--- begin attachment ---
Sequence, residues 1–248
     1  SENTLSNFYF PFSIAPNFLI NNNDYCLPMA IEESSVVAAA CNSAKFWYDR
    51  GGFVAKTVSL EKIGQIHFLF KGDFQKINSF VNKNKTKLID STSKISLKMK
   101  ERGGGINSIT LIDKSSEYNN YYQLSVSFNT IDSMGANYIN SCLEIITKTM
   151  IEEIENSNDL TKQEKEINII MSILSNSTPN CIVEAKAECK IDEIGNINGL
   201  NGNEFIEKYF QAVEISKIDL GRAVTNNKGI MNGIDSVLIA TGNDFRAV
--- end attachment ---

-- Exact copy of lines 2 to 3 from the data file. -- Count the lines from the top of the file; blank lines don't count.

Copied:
     1  SENTLSNFYF PFSIAPNFLI NNNDYCLPMA IEESSVVAAA CNSAKFWYDR
    51  GGFVAKTVSL EKIGQIHFLF KGDFQKINSF VNKNKTKLID STSKISLKMK